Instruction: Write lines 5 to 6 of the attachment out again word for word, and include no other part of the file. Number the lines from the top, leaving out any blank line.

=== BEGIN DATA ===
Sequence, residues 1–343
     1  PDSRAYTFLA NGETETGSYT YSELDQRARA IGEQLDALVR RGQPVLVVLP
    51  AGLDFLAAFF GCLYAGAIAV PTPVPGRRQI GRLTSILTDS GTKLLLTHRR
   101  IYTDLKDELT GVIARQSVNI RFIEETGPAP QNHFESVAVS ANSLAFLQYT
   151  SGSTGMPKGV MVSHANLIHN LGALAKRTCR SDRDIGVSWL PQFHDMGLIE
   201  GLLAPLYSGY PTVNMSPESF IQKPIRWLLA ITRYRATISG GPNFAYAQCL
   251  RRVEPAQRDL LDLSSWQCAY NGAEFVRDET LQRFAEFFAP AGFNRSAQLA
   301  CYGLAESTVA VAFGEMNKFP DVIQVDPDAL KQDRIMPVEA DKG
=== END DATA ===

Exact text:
   151  SGSTGMPKGV MVSHANLIHN LGALAKRTCR SDRDIGVSWL PQFHDMGLIE
   201  GLLAPLYSGY PTVNMSPESF IQKPIRWLLA ITRYRATISG GPNFAYAQCL